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TeX typesets each portion of a mathematical expression in one of 8 styles:

  1. display,
  2. display',
  3. text,
  4. text',
  5. script,
  6. script',
  7. scriptscript, or
  8. scriptscript'.

Knuth calls them, D, D', T, T', S, S', SS, and SS', respectively.

TeX transitions between styles for subscripts, superscripts, and for the numerators and denominators of fractions (\above, \atop, \over and their \...withdelims variants).

Four of these style are well known via \displaystyle, \textstyle, \scriptstyle, and \scriptscriptstyle. The other four are less known (in fact, I don't think I've seen any reference to them outside of the TeXbook). They are almost the same as the corresponding nonprimed style except that superscripts are typeset a bit farther down.

One simple way to see the difference is to look at the output of (the plain TeX document)

$${\atop x^y}{\atop\textstyle x^y}$$

The reason these differ is that TeX starts the math display in style D. It typesets the numerator in style T and the denominator in style T'. The \textstyle causes TeX to typeset the denominator in style T instead.

Question How can one force TeX to go into one of the primed styles? As the example above illustrates, even when TeX is in one of the primed styles, it moves to the nonprime variant with \textstyle (similarly for the other three).

This can be important when building vertical boxes in math mode. For example, see my answer to changing the shape of a fraction for a case where this is needed.

Follow up question

Is there a way to check if the current style is cramped? I thought about putting X^X in a \vcenter and comparing its height to the current style as determined by \mathchoice, but this doesn't work because \vcenter doesn't give you a box.

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up vote 7 down vote accepted

The mathtools package gives the \cramped command.

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A totally different answer: after some toying around, I managed to produce this plain TeX macro:

  {\savedrulethickness = \fontdimen8\textfont3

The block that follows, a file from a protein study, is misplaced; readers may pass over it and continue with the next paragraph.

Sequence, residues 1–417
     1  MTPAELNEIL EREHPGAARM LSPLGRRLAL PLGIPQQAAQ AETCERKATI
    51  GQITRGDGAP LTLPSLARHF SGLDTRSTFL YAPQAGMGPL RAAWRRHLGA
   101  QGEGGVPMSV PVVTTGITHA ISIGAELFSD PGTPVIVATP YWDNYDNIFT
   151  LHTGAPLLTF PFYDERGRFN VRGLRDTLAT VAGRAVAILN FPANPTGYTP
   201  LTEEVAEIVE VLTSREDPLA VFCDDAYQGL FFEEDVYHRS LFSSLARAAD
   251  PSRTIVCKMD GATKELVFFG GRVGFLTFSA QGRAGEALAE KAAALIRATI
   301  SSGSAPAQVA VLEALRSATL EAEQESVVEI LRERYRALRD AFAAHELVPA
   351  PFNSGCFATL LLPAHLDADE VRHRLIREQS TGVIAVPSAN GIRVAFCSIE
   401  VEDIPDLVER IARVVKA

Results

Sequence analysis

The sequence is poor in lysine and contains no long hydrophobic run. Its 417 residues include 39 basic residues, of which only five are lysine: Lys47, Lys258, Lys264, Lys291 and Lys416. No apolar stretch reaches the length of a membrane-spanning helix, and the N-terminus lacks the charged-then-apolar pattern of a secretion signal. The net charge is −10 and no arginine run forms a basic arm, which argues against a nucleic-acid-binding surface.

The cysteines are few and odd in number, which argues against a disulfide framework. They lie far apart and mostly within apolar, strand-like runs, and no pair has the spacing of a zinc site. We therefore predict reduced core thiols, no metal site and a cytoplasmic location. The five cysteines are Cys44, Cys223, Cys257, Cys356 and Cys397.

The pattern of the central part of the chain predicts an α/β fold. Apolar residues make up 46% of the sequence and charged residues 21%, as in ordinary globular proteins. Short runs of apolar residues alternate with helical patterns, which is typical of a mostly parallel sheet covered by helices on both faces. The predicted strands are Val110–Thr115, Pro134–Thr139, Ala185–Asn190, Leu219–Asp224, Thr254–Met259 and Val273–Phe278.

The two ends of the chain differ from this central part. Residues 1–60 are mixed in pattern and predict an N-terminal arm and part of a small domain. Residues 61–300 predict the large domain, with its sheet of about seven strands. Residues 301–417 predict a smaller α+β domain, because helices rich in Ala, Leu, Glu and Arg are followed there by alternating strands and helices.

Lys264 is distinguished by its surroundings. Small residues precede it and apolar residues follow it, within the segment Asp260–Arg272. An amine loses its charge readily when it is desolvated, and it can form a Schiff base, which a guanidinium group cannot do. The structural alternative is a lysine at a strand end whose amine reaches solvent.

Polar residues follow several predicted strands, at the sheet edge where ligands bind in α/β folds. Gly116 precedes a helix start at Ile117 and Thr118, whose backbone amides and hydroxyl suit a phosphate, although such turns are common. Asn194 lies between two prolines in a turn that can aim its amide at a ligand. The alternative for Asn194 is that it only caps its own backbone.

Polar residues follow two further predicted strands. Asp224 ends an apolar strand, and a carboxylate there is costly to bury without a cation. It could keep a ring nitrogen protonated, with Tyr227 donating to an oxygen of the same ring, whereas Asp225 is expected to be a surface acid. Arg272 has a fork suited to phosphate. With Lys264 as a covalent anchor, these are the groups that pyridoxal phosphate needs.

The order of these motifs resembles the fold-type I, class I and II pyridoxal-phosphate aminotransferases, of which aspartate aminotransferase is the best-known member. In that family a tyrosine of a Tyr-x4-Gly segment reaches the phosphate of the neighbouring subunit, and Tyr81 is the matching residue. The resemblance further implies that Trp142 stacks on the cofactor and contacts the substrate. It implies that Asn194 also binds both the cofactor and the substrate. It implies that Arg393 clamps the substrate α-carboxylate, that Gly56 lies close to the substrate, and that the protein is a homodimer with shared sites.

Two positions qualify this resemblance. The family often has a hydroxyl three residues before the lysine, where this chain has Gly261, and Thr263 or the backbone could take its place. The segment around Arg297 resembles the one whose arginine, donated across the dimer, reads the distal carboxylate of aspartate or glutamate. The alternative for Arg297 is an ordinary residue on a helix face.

\fontdimen8\textfont3 \savedrulethickness}


$f^b \overline{f^b} \cramped{f^b}$


If math family 3 has three different fonts instead of just 3 copies of cmex10, this needs extending a bit, and there are the general pitfalls with \mathchoice, but it seems to work.

In comparison, here is how the definition of \cramped would look in Luatex:

    \crampeddisplaystyle      \or \or % 0 -> 1
    \crampedtextstyle         \or \or % 2 -> 3
    \crampedscriptstyle       \or \or % 4 -> 5
    \crampedscriptscriptstyle \fi     % 6 -> 7

Edit: used \mathpalette, and added the Luatex version

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That's pretty good. You can simplify \cramped a bit by \def\cramped{\mathpalette\docramped}. Unfortunately, you can't use \overline inside the argument. – TH. Sep 1 '10 at 8:21
The LuaTeX definition is quite nice. It's too bad Knuth didn't include those primitives. – TH. Sep 1 '10 at 10:07
You can always switch to luatex and enjoy the new primitives. – Khaled Hosny Sep 1 '10 at 11:54
Taco, you seem to have forgotten that you (and Hans) adapted Knuth's cramped macro to ConTeXt :-) – Aditya Sep 1 '10 at 16:35
@aditya: I saw that one when looking up the luatex version, but I think the version here is nicer. – Taco Hoekwater Sep 2 '10 at 6:56

\mathaccent's accentee is typeset in cramped style. So, if the math font has a character available that does not actually print anything, you could use that to force the style.

(luatex defines 4 new primitives for this purpose)

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You're absolutely right about \mathaccent. Unfortunately, this isn't the case if a font doesn't contain a character!. So while \mathaccent"37F{x^y} typesets in the cramped style (with a \Downarrow, it appears), \mathaccent"380{x^y} does not. – TH. Sep 1 '10 at 7:25


\radical is a TeX primitive used to define \sqrt as \def\sqrt{\radical"270370 }
(The TeXbook, p. 157).

The number identifies the square root symbol and zero is no error and no symbol.
This leaves the wanted side effect of typesetting the argument in the primed style (cramped).

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The mathtools macro \cramped uses the same idea. – egreg Aug 25 '13 at 21:46

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